Professor Julie Macpherson, Tilden Prize

Based at the University of Warwick, Professor Macpherson won the prize for pioneering instrumental methods and applications in electrochemistry, electroanalysis and catalysis, sensor and imaging systems, material characterisation and electrochemical nanostructure synthesis.

Professor Macpherson also receives £5,000 and a medal.

After receiving the prize, Professor Macpherson said: “I’m delighted to have been awarded the Tilden prize. However, this is an award not just for me but all the amazing group members that I have had the pleasure to work with both past and present. None of this would have been possible without their passion, hard work and commitment to unravelling new science.”

Professor Macpherson’s work focuses on the use of carbon-based materials in electrochemical systems for a variety of applications including environmental monitoring and electrochemical energy storage. One of the key materials being used is lab-grown boron doped diamond (BDD), an electrochemically active form of diamond.

Due to its unique and wide-ranging properties, BDD is finding use as a robust sensor for determining the health status of rivers and seas. BDD is also capable of generating highly oxidising species which can be used to fight viruses and bacteria as well as clean up waste water systems. The non-corrosive nature of the material also means it can act as a possible carbon replacement for corrosion susceptible graphite type materials in fuel cells.

Dr Helen Pain, Chief Executive of the Royal Society of Chemistry, said:

“The chemical sciences are at the forefront of tackling a range of challenges facing our world. From fundamental chemistry to cutting-edge innovations, the work that chemical scientists do has an important role to play in building our future.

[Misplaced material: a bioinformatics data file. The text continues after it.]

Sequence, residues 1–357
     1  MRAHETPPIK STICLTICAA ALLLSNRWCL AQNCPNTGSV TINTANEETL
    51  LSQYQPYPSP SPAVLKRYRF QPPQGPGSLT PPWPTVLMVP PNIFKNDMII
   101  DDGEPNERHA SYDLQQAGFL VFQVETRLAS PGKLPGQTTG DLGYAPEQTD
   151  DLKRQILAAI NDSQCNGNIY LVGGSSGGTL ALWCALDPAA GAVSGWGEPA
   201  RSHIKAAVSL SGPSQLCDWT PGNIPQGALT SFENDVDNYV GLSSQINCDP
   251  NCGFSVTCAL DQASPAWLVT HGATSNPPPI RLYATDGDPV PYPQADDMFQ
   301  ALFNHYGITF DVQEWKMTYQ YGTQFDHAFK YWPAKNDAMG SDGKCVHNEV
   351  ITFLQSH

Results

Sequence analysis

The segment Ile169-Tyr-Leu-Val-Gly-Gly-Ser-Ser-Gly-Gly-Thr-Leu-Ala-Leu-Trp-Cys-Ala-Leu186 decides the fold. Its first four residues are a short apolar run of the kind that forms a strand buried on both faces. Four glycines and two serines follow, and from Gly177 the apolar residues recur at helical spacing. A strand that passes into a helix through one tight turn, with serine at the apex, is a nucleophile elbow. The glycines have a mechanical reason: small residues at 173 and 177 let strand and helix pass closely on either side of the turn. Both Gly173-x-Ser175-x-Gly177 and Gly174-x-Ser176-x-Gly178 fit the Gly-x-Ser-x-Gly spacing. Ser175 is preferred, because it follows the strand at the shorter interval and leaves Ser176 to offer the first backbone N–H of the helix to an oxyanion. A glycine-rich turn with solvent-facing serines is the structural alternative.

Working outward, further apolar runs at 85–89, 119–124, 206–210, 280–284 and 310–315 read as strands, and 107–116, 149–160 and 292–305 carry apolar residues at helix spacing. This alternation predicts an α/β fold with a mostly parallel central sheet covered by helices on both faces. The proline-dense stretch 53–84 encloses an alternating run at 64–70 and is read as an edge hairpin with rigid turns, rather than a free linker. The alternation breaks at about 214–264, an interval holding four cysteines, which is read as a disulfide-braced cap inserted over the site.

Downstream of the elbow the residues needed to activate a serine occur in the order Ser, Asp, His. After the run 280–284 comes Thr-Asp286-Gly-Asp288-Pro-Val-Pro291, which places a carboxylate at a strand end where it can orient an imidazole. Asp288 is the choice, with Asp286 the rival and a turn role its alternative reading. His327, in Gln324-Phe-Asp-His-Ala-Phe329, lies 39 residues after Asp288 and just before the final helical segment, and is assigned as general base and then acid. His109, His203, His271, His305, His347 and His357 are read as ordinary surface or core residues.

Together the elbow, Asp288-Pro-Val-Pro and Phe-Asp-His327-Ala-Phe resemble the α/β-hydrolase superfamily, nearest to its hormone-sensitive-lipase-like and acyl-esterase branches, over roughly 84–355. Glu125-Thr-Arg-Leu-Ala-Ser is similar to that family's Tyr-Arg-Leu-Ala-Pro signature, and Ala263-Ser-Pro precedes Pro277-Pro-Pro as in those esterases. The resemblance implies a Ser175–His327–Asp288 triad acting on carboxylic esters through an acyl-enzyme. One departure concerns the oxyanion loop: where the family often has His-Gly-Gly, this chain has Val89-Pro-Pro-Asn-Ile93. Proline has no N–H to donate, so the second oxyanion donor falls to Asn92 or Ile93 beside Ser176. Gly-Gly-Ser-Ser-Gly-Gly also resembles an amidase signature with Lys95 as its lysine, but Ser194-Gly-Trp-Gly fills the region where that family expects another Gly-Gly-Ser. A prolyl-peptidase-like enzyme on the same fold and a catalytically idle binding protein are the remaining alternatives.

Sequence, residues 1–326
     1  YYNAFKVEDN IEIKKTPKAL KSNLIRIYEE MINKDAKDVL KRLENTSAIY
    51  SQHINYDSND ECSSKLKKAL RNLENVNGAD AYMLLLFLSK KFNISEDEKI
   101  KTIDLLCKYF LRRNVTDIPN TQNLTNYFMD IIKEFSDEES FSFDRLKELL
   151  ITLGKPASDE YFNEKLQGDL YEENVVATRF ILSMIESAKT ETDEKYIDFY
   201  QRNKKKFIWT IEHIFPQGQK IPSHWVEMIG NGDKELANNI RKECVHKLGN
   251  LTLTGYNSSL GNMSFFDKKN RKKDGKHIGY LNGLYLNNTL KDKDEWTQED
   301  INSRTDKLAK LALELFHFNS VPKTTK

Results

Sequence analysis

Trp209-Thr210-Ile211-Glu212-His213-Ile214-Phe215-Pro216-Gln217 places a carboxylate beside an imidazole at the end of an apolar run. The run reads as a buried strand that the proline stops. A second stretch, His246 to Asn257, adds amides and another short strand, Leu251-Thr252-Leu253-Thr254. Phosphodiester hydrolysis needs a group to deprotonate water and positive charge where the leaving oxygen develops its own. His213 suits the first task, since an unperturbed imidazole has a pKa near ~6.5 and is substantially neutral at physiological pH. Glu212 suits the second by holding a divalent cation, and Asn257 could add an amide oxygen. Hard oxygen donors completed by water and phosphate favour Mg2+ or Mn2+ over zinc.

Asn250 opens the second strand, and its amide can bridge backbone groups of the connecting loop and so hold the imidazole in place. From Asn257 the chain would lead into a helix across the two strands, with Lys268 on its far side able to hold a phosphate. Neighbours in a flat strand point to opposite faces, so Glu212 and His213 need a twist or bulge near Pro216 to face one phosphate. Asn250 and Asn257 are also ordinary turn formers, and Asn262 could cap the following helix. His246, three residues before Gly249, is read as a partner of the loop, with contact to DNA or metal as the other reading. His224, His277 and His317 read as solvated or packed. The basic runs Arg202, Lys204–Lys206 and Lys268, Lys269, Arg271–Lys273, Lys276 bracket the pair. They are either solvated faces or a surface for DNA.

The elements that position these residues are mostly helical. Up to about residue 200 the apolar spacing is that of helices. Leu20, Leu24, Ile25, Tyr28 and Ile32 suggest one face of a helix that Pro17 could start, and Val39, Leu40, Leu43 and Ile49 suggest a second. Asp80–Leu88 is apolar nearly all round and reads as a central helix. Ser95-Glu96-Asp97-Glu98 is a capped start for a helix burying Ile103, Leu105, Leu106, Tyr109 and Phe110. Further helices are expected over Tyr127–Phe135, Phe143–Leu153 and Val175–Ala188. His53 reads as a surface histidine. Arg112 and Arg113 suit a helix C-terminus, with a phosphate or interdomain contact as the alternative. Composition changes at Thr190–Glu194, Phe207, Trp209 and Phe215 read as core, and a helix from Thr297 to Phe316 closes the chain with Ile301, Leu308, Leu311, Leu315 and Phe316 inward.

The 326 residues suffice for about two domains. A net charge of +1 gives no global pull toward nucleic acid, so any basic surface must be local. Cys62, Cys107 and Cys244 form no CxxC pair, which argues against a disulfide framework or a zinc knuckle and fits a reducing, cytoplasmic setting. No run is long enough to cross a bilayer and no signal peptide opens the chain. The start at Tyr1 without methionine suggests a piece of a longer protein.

“The RSC’s prizes programme enables us to reflect on and celebrate the incredible individuals and teams whose brilliance enriches our knowledge, advances our understanding, and brings new ideas and technologies that benefit society as a whole. We’re very proud to recognise the contributions of our winners today.”

The Royal Society of Chemistry’s prizes have recognised excellence in the chemical sciences for more than 150 years. In 2019, the organisation announced the biggest overhaul of this portfolio in its history, designed to better reflect modern scientific work and culture.

The Research and Innovation Prizes celebrate brilliant individuals across industry and academia. They include prizes for those at different career stages in general chemistry and for those working in specific fields, as well as interdisciplinary prizes and prizes for those in specific roles.

For more information about the RSC’s revised prizes portfolio, visit


About the Royal Society of Chemistry

"We are an international organisation connecting chemical scientists with each other, with other scientists, and with society as a whole. Founded in 1841 and based in London, UK, we have an international membership of over 50,000. We use the surplus from our global publishing and knowledge business to give thousands of chemical scientists the support and resources required to make vital advances in chemical knowledge. We develop, recognise and celebrate professional capabilities, and we bring people together to spark new ideas and new partnerships. We support teachers to inspire future generations of scientists, and we speak up to influence the people making decisions that affect us all. We are a catalyst for the chemistry that enriches our world."